IN the pioneering phase of human space exploration, which can roughly be dated to the dozen years between the first Soviet Sputnik in 1957 to the initial manned landing on the moon, the American Apollo 11 mission in 1969, long-standing fantasies of routine travel beyond the confines of our planet reached a fever pitch.
It was widely assumed in those halcyon days that by the 21st century space travel would be commonplace, with routine trips to the moon, Mars and perhaps even beyond. What was not envisaged, as far as one can tell, is scientifically irrelevant vanity missions to the edge of space by billionaires who can’t think of better ways to expend their excessive wealth.
Last month, Virgin mogul Richard Branson beat Amazon’s Jeff Bezos to the countdown. Both of them shot up a little more than 80 kilometres in their private rockets, experienced a few minutes of weightlessness, then promptly came down to earth. Neither flight lasted much more than 10 minutes.
Branson is keen on orbiting hotels, but didn’t bother attempting any kind of orbit himself. Future flights are open to anyone who can cough up a quarter of a million dollars. Up and down, a fleeting experience of weightlessness, a glimpse from way above a fragile planet that may soon become uninhabitable thanks in large part to the outrages of capitalism. Any takers? Apparently there are 600.
Bezos went a bit higher than Branson, and he has bigger ambitions. His public offer of a $2 billion bribe to Nasa for a contract to build the first American moon lander since the 1970s has been trumped by fellow billionaire Elon Musk’s SpaceX enterprise. Musk, incidentally, is reported to have booked a flight on one of Branson’s rockets.
Quite amazingly even for the Amazon tycoon, Bezos had the audacity to thank his employees and customers for enabling his superfluous space adventure. These are the same employees, mind you, who are obliged to urinate into bottles because toilet breaks are too time-consuming.
Any number of commentators — including in the Bezos-owned Washington Post — have pointed out that some of the world’s richest men, who get away with paying hardly anything in taxes, would have been far better advised to expend their excess resources on the planet they live on, rather than on making fanciful plans to escape it when the going gets rough.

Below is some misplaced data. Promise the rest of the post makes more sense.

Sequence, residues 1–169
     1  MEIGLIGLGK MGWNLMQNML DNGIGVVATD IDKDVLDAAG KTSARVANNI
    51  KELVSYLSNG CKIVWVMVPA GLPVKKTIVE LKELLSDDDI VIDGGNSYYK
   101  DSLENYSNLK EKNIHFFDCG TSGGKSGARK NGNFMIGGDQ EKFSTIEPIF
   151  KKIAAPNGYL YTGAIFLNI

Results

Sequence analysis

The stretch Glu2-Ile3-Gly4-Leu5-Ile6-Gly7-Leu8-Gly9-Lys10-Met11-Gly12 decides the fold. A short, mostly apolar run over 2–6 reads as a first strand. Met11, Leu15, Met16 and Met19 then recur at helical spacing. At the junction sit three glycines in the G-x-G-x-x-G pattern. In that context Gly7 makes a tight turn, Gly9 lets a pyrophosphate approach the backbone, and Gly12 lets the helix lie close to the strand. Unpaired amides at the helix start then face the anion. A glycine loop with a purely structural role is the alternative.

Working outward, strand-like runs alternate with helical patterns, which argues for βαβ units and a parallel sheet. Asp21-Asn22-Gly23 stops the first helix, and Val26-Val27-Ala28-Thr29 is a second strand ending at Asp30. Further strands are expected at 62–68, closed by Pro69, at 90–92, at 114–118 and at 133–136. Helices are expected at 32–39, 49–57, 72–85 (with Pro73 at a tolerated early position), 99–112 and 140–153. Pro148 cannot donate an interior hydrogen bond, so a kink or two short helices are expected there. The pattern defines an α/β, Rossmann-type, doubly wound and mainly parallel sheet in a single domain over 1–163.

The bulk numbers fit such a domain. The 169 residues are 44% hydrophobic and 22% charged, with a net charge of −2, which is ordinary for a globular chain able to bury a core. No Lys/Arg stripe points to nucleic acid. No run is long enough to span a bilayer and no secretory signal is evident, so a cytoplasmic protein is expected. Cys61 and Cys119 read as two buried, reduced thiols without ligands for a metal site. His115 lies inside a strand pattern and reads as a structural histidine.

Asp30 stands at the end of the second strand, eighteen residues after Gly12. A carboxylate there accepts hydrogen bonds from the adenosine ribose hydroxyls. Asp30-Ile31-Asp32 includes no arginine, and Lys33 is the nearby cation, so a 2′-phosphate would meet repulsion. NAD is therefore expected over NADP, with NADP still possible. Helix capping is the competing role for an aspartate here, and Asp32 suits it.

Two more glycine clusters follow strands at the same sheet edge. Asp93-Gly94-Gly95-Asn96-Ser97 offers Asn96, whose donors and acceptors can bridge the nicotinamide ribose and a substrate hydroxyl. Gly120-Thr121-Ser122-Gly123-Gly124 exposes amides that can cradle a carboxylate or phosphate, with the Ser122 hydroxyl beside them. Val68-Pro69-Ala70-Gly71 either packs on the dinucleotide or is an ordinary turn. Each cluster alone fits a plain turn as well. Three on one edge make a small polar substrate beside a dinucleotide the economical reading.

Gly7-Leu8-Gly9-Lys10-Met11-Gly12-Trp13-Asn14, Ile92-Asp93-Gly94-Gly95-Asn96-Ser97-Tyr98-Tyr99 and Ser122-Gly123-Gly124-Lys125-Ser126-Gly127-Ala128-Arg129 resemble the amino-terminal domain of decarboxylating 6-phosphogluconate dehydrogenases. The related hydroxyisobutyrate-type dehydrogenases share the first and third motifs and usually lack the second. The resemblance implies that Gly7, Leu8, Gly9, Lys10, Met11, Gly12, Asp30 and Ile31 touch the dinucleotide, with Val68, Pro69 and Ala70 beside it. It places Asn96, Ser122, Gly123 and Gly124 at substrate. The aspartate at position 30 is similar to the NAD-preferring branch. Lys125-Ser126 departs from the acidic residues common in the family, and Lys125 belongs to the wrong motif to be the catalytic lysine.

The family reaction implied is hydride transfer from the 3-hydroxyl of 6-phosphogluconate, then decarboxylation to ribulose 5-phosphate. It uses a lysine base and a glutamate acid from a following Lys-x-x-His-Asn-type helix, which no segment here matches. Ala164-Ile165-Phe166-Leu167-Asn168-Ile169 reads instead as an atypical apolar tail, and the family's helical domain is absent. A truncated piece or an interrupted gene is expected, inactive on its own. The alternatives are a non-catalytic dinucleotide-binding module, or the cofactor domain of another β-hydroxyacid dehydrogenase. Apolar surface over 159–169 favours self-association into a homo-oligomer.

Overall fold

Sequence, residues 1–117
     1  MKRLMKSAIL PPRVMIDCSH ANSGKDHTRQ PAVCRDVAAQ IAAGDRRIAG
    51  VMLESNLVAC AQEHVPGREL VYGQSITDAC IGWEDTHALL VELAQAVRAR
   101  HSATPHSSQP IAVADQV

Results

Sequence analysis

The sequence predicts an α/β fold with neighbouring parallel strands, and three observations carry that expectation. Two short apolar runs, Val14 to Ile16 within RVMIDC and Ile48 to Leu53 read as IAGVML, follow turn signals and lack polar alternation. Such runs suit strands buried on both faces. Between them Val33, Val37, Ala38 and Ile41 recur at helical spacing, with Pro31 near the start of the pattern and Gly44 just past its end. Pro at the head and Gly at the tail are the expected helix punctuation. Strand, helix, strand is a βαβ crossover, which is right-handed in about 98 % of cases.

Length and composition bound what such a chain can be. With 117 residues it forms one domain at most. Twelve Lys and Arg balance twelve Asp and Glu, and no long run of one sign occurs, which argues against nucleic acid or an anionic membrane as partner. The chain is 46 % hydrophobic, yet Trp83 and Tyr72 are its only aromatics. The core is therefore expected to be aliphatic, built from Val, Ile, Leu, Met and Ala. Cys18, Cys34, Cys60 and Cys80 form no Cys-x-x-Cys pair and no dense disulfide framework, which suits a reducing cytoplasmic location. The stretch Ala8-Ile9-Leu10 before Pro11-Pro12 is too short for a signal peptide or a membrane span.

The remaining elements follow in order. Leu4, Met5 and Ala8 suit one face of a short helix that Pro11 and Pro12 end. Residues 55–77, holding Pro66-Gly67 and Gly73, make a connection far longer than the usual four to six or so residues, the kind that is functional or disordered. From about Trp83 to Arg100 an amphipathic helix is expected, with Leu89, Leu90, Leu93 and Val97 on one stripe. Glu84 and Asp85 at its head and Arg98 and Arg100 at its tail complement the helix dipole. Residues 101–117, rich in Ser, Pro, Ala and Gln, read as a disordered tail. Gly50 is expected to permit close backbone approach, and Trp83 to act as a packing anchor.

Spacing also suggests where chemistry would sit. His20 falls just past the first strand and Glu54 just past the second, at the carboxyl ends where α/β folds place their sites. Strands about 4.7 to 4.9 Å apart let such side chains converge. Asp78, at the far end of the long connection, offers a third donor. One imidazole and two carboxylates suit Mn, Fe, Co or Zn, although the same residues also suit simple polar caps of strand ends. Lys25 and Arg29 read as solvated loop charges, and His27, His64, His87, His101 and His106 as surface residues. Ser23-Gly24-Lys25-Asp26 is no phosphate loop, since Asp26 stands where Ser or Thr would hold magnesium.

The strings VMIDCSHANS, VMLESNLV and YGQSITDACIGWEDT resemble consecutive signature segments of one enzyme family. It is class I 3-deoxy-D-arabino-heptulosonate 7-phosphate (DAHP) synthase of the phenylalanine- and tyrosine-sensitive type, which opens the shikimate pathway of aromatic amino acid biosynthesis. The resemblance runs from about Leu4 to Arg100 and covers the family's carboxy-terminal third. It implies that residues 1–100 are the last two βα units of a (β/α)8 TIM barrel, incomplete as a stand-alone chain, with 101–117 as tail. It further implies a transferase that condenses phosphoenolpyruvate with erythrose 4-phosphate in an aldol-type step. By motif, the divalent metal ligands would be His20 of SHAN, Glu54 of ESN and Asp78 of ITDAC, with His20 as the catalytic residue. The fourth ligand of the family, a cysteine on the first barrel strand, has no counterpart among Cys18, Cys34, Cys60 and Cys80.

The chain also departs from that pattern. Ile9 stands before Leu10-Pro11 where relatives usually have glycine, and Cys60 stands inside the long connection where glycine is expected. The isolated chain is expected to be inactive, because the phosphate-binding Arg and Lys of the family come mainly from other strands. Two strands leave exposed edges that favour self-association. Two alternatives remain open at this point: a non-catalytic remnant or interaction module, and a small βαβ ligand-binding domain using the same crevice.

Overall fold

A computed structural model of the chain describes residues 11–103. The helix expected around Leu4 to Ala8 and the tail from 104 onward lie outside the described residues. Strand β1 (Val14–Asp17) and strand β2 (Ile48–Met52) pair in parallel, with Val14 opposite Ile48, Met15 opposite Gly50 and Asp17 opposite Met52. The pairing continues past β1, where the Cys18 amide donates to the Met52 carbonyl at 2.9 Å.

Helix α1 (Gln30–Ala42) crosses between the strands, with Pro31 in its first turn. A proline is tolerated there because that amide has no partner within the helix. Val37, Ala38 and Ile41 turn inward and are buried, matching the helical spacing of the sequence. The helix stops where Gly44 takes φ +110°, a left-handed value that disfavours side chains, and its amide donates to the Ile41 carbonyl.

What has far less frequently been pointed out is that Bezos’ and Branson’s journeys were incredibly less impressive than what was happening 60 years ago.
On April 12, 1961, Yuri Gagarin became the first human being to be unleashed from Earth’s gravitational pull, and the first to look down on the planet from such a tremendous height — and to fall in love with it all over again, in the light of his then unique oversight.
His accomplishment is all the more remarkable when one considers the fact that even his closest colleagues in the endeavour were only 50 per cent sure that he would return unscathed from it. The incredible tale of his journey is superbly recounted in Beyond, Stephen Walker’s scintillating account, published earlier this year, of all that led up to Gagarin’s mission and its aftermath.
Eisenhower-era America was appalled by the idea of a small Soviet sphere called Sputnik — which could be translated as ‘fellow traveller’ — orbiting the planet in 1957. Throwing a human being into space was the next obvious landmark. American steps towards that goal floundered, and were extensively publicised.
The Soviets proceeded secretly. Disasters, when they happened, could be covered up. The American programme was by the 1960s guided by a Nazi veteran and former SS major by the name of Wernher von Braun, poached from the dying embers of a defeated Germany. His then unknown rival Soviet rocket scientist was Sergei Korovlev.
He was top secret, and a very different person. Unlike von Braun, he had not thrived on totalitarianism but suffered from it, spending six years in Stalin’s gulag. He survived the experience, but never quite recovered from it. On the eve of a fatal operation personally conducted in 1966 by the Soviet health minister, he shared his deepest thoughts with Gagarin, whom he treated as a son.
The Soviet space programme floundered after Korovlev’s demise, and it had fallen well behind by the time Neil Armstrong landed on the moon. Gagarin’s death in an air crash in 1968 can retrospectively be seen as spelling the end of Soviet supremacy in the space race. It had included not just the first satellite and the first man in space, but also the first woman, the first multi-cosmonaut endeavours, and the first spacewalk.
Sixty years ago this week, Gagarin’s close friend Gherman Titov, who never got over being overlooked for the first manned space flight, orbited the earth 17 times. It could be a while before Branson or Bezos matches that achievement.